Kopassus- Indonesian Special Forces (photo : Media Indonesia)
JAKARTA, Indonesia - The U.S. said July 22 it would resume ties with Indonesian special forces after a 12-year hiatus, as part of efforts by Washington to reach out to the world's largest Muslim nation.The announcement, made during a visit by U.S. Defense Secretary Robert Gates to Indonesia, comes as Washington seeks to resume training for the Kopassus unit as part of growing military cooperation with Jakarta.
"The United States will begin a gradual, limited program of security cooperation activities with the Indonesian Army Special Forces," Gates said referring to the Kopassus unit with which Washington suspended ties in 1998.
The decision came "as a result of Indonesian military reforms over the past decade... and recent actions taken by the Ministry of Defense to address human rights issues," he said after talks with President Susilo Bambang Yudhoyono.
"Our ability to expand upon these initial steps will depend upon continued implementation of reforms within Kopassus and TNI (the Indonesian armed forces) as a whole," he said, describing the move as "a very significant development."
The move is controversial as the Kopassus unit has been implicated in human rights abuses, including in East Timor, and some figures in the U.S. Congress have opposed embracing the force before it has accounted for its past.
The United States broke off ties with the Kopassus under a law banning cooperation with foreign troops implicated in rights abuses.
The Indonesian special forces are accused of committing rights violations in East Timor and Aceh under then-dictator Soeharto in the 1990s.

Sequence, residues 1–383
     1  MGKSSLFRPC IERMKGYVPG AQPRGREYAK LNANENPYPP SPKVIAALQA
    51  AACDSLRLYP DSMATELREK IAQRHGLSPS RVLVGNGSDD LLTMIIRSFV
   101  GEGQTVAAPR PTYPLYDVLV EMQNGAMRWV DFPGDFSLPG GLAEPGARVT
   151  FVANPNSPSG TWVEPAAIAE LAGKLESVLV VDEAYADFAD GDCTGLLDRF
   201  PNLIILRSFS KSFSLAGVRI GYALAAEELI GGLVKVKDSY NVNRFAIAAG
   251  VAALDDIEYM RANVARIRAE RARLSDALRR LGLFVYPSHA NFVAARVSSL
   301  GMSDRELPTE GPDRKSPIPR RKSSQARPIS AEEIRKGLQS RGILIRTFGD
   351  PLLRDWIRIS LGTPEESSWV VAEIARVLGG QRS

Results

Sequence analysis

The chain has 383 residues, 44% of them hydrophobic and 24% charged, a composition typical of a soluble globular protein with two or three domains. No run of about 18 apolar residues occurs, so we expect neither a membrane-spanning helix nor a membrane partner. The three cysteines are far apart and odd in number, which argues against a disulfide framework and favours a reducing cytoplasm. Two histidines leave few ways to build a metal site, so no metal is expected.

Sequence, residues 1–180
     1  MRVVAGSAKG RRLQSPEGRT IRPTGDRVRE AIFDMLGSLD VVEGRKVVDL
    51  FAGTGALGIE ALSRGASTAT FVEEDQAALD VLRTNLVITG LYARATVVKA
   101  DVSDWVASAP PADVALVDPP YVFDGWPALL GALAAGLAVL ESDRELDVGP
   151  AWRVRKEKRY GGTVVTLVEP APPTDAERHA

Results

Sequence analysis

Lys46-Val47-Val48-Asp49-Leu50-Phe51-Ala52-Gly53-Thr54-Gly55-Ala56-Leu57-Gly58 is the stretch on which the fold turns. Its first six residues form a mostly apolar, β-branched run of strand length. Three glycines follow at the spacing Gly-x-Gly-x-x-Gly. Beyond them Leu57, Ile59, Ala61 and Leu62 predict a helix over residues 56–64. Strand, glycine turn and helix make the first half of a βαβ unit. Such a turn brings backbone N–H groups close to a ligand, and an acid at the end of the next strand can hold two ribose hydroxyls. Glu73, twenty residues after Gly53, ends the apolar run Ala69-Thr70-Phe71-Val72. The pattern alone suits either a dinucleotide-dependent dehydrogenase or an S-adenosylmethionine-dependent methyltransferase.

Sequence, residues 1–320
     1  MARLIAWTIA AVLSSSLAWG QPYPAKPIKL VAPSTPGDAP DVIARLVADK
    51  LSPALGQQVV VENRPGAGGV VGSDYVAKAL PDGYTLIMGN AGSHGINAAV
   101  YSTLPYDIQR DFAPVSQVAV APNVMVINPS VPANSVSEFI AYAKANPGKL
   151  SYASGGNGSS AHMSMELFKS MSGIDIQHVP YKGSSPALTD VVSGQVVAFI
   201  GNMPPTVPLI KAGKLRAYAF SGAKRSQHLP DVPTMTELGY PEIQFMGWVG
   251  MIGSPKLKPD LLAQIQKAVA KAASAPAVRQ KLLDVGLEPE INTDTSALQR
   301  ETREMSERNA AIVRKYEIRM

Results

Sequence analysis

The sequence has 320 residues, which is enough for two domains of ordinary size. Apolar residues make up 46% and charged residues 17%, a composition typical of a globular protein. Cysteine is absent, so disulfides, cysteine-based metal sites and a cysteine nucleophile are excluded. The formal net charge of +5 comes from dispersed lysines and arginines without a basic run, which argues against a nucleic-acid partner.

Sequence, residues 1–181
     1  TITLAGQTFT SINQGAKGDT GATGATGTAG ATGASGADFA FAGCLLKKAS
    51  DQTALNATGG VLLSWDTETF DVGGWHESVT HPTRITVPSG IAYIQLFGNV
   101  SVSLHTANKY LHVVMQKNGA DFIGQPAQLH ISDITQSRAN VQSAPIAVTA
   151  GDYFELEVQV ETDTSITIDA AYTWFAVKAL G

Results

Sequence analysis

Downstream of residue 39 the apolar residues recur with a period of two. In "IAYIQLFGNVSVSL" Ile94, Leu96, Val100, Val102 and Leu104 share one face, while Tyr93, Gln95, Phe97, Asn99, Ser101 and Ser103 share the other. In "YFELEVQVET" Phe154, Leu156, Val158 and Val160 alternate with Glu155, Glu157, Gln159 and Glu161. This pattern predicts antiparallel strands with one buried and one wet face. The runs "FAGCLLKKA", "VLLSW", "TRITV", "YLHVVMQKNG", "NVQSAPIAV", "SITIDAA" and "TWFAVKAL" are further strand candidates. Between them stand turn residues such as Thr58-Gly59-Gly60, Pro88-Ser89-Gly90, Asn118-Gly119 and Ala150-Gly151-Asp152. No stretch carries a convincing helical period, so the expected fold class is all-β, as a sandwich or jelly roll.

A report last year by U.S.-based Human Rights Watch accused the elite unit of ongoing abuses in the restive province of Papua.
A senior U.S. defense official played down fears that senior figures still in the special forces had been implicated in past rights violations.
"Individuals who had been convicted in the past for human rights violations have in the past several months been removed from Kopassus," he said.
The administration of President Barack Obama, who spent part of his childhood in Indonesia, sees the country as an increasingly important player in East Asia and key ally in the Muslim world.
Ernie Bower, a Southeast Asia expert at the Centre for Strategic and International Studies in Washington, said the Obama administration needed to handle its relationship with the Indonesian military carefully.
"I think it's the view of the Indonesian military that without the ability to engage and train Kopassus, the American engagement and normalization of the military-to-military relationship would be incomplete," he said.
"If you don't have the relationship with the Indonesian military normalised, you can't really participate and be the leading partner in this architecture," he added. "Gates needs to get it right with Indonesia."
However, the Pentagon needs to find an acceptable compromise to seal the deal without encountering too many objections in Washington.
"We've been working for some time both within the U.S. government and with the government of Indonesia to try to figure out how and under what conditions we can pursue re-engagement with Kopassus," said one senior U.S. defense official.
He noted improvements made by Jakarta since the end of the Soeharto regime.
However, leading voices in Washington, such as Democrat Sen. Patrick Leahy, as well as human rights groups have opposed a normalization of military ties until Kopassus commanders have faced justice for past rights violations.
"Before resuming military cooperation with the Kopassus, Robert Gates must make sure that there's no senior military officers implicated in the past abuse who hold a structural position in the military," said activist Usman Hamid.
Hamid, a rights activist from the Indonesian Commission for Missing Persons and Victims of Violence (Kontras), said any troops involved in abuses had to face trial.
"We deeply regretted the decision as we have previously reminded the U.S. government it is important that a concrete precondition be imposed on Kopassus and Indonesian military before restoring the ties," he said.
He acknowledged that some Kopassus officers implicated in the rights abuse cases had been expelled from the military but said the military should apologies for the crimes.